Saturday, March 8, 2014

Happy International Women's Day!

Happy International Women's Day! My latest Nation post discusses the radical history of International Women's Day, which was invented and promoted by commie firebrand types like Clara Zetkin and Alexandra Kollontai. The purpose of the original International Women's Day celebrations was to bring together two great political movements, feminism and socialism, and to pay tribute women’s revolutionary potential.

Nowadays, the celebration often seems like just another opportunity to sell cheap pink crap. But as a sobering new report reveals, women around the globe continue to trail behind men by every economic measure. One hundred years after the first International Women's Day, we need a feminism that fights gender inequality and economic inequality as much as we ever did.

Thursday, March 6, 2014

Now they tell us! The IMF admits that inequality slows growth

My latest for The Nation concerns the a stunning reversal by the IMF. Last week, IMF researchers finally 'fessed up to something that leading economists such as Paul Krugman and Joseph Stiglitz have been arguing for some time now: that inequality slows economic growth. That they finally admitted this is progress -- even though it doesn't begin to undo the decades of damage that IMF austerity policies have inflicted across the globe. The real question is: will this admission cause them to reverse course and adopt the kinds of anti-inequality, pro-growth economic politics that have been so successful in countries like Bolivia? We shall see.

Wednesday, March 5, 2014

My first post at The Nation is up: a review of The Killing Fields of Inequality

I can't tell you how honored and thrilled I am to announce that today, I've published my first piece for The Nation. Not only that, I get to review a fascinating new book about the issue I'm most passionate about: economic inequality. The book, which is titled The Killing Fields of Inequality, is by the eminent Swedish sociologist Göran Therborn. You can find my review here.

Me in The Nation -- I didn't think it would get any better than that today. Then I tweeted a link to my piece. And guess who the very first person who retweeted my tweet was? Branko Milanovic, that's who! Yes, that Branko Milanovic, bitchez!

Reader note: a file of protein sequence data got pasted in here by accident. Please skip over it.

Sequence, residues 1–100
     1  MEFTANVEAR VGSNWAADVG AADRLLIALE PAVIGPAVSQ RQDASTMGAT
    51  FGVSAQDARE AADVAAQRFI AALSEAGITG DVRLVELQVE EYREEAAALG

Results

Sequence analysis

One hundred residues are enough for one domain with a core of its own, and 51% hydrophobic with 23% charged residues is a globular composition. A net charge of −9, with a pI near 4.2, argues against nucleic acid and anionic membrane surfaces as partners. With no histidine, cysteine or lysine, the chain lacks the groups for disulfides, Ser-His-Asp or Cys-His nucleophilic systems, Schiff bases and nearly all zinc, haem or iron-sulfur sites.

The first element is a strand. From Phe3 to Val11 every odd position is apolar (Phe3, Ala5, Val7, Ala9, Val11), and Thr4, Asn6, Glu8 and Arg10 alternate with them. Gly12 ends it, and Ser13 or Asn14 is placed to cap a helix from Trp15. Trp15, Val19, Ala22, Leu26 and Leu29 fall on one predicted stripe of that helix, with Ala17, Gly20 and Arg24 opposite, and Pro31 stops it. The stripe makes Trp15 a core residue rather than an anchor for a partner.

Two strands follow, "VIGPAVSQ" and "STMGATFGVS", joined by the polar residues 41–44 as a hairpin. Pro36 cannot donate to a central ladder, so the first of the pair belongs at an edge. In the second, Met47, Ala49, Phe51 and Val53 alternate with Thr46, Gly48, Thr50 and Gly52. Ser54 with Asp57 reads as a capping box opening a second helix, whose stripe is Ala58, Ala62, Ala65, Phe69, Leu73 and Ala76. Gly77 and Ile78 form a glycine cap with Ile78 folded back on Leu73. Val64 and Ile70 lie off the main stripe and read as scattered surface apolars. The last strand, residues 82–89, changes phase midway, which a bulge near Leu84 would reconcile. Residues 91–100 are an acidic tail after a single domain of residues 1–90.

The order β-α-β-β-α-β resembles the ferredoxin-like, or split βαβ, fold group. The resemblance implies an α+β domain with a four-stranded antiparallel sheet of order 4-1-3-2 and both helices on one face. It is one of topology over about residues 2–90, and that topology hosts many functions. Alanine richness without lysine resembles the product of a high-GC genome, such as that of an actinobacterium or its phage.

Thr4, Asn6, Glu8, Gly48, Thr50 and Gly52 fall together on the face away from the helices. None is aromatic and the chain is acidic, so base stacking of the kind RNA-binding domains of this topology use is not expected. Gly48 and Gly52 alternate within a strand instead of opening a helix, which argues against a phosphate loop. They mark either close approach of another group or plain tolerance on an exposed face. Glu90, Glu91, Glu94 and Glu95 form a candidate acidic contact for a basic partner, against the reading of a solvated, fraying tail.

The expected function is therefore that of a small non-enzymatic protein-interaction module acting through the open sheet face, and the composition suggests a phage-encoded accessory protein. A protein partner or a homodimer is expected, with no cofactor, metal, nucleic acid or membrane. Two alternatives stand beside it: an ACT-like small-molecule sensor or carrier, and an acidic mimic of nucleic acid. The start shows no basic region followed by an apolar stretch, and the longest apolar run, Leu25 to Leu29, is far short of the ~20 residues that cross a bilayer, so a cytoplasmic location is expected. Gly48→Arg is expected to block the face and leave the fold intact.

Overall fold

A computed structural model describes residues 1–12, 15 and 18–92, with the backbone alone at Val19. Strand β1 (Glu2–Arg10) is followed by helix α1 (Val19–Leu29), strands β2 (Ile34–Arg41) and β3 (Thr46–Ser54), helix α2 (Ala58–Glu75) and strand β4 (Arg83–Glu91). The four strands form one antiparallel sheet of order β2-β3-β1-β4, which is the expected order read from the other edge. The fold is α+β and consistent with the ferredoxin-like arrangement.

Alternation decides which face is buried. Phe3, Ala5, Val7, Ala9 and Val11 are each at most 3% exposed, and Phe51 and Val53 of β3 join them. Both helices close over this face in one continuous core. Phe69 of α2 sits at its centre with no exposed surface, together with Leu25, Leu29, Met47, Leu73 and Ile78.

Okay, obviously I need to get over myself. I'll be guest blogging at The Nation for the remainder of this week and next. You can find my stuff here. I'll be posting links to my pieces on this blog as well.

Sunday, March 2, 2014

Recent inequality-related posts

Readers, please accept my deepest apologies for my neglect of this blog of late. The exigencies of making a living have messed with my best-laid plans, and for a while I was working one full-time job, one part-time consulting job, plus the weekend blogging and some deadline-driven writing assignments. For weeks, I was either too exhausted or too busy to attend to this blog. Fortunately, I now have a chance to catch my breath.

I'm thrilled to announce landed an exciting short-term gig that involves writing about inequality. Details will follow in a separate post. In the meantime, here are links to my recent Washington Monthly writings about inequality-related issues:

-- The solution to inequality in San Francisco -- and America? It's the taxes, stupid!

-- Your bummer read of the day: how Amazon's labor policies are worse than Walmart's

-- Opinion piece of the day: Rosa Brooks on why workers need to "Lean Out"

-- Study: Republican presidents are associated with higher infant mortality rates

-- After a scientist makes some inconvenient discoveries, agribusiness plots to destroy him (This should be read in relation my earlier post about What Obama Left Out of His Inequality Speech: Regulation).

-- The ACA makes it possible for workers to quit jobs they hate. This is awesome.

-- Could the ACA help the millions Americans drowning in debt? A new study of Massachusetts health care reform offers some clues.

-- On the Raiders' cheerleaders wage theft suit: no pay for practices, unreimbursed expenses, and $125 per 10-hour work day

-- Conference that promises to "reset the agenda for women in the workplace" invites CEOs and Hollywood types aplenty -- but snubs unions

-- Walmart's holiday profits are way down. Food stamp cuts are a big part of the reason.